“In the Flesh”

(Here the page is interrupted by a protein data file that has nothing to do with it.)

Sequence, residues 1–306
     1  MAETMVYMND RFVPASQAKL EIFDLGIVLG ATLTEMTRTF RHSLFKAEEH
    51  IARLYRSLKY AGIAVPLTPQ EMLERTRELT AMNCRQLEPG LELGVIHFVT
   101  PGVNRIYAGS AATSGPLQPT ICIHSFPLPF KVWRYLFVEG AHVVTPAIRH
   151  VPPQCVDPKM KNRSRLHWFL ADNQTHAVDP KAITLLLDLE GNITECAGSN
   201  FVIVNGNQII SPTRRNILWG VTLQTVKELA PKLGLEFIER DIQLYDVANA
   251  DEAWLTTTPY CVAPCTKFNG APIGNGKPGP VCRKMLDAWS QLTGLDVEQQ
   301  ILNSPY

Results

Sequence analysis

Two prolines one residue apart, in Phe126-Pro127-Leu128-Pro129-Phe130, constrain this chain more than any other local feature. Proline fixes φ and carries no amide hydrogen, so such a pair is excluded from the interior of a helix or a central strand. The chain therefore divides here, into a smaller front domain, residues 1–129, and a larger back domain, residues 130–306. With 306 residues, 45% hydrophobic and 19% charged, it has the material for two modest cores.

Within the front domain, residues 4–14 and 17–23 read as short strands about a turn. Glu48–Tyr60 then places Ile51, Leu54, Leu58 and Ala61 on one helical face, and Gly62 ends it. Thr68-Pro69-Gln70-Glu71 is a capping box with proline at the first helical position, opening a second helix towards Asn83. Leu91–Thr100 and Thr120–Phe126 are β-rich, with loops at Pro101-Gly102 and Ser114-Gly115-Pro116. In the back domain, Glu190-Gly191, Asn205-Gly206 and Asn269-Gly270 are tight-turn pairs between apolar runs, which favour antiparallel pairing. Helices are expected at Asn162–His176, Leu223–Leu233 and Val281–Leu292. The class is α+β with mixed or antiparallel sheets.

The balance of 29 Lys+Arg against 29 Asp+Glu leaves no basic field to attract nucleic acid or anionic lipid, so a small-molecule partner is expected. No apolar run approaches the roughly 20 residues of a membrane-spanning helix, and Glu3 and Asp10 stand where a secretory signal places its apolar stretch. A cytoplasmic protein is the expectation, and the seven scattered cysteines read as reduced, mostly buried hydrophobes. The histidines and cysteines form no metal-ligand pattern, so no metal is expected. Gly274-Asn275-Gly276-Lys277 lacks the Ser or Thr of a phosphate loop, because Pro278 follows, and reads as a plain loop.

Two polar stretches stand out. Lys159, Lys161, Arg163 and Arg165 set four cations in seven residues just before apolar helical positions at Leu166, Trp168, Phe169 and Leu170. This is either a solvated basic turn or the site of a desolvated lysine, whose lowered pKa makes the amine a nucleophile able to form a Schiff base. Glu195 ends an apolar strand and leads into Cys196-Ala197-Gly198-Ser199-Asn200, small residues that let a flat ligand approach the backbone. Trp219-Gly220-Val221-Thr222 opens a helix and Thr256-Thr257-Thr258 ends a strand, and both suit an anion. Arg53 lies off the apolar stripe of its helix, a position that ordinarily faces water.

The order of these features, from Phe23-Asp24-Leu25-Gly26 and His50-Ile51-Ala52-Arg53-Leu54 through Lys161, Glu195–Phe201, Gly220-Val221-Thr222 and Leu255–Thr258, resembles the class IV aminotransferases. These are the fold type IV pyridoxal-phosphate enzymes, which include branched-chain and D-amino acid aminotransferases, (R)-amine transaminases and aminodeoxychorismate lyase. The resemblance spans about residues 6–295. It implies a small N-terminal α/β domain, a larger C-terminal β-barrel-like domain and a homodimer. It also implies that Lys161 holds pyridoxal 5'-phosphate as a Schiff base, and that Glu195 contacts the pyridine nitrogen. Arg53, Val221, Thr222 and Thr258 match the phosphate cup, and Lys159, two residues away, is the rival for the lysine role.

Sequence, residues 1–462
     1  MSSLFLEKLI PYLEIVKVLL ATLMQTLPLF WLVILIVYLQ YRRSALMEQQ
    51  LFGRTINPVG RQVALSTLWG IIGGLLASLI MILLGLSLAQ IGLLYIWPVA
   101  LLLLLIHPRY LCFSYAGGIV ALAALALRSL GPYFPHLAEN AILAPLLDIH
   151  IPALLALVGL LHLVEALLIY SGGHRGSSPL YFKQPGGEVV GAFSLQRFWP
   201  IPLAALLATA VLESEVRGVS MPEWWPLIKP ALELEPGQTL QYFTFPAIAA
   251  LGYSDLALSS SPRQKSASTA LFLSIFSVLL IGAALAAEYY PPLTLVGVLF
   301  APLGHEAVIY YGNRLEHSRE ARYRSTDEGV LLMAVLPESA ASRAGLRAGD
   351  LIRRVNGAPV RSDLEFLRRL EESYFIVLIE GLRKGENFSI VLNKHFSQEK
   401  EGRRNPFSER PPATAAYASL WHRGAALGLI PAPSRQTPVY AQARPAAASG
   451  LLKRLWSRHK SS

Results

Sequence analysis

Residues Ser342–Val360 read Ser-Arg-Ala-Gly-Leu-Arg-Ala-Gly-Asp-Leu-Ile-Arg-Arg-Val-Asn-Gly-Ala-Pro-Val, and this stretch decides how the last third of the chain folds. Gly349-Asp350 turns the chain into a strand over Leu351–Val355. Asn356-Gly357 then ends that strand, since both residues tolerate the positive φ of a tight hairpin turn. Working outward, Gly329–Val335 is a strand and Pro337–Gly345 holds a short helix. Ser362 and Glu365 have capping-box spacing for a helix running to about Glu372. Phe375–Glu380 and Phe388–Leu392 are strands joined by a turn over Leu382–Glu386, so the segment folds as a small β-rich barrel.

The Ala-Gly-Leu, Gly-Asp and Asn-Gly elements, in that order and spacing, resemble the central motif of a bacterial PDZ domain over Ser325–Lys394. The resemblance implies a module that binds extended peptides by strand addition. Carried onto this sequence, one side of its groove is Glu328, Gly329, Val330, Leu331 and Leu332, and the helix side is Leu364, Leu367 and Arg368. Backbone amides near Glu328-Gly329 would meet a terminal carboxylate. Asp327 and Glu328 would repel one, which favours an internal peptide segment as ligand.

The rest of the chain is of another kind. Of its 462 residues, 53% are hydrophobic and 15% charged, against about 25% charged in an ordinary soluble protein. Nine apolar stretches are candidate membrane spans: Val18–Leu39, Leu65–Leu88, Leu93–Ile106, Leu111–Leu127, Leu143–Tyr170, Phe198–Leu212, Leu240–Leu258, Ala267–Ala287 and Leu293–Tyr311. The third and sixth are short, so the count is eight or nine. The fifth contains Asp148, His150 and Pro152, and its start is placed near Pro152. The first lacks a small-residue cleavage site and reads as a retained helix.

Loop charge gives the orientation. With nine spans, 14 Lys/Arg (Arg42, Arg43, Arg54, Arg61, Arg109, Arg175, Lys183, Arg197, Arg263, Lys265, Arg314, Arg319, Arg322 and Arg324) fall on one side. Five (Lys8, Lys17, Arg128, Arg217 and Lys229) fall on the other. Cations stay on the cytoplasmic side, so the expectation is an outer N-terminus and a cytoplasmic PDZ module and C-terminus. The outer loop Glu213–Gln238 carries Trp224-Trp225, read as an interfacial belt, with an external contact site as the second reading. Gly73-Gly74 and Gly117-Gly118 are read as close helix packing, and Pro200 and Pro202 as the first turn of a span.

In 2003, guitarist Raoul Björkenheim and drummer Lukas Ligeti released a set of evocative duets under the album title Shadowglow (TUM). The Finnish-American Björkenheim and the Austrian-born Ligeti, the son of celebrated modern composer György Ligeti, both made their mark on the New York improvisational music scene. They were a formidable team, their dark, propulsive music spanning various cultures and genres, their exotic soundscapes incorporating African and Asian rhythms and instrumentation, as well as touching on aspects of jazz fusion. Recorded at Bill Laswell’s studio in New Jersey, the sessions were freely composed on the spot by the participants, who are longtime associates. Chinese tam-tam, 12-string guitar, steel guitar, electric viola da gama and log drums are among the implements in the duo’s arsenal, and they incorporate influences from Korean pansori vocal music to Afro-pop to Coltrane throughout. Somewhat reminiscent of Bill Frisell’s signature take on Americana, “In the Flesh” is a dialog between Björkenheim’s sparse, shimmering strings and the subdued menace of Ligeti’s kick drum, pattering snare and cymbals that grows in intensity before returning to quiet conversation. The piece unfolds like a succinct playlet, full of character and conflict, that tells its tale in brief, deft strokes. Nearly 20 years later, a follow-up would be most welcome.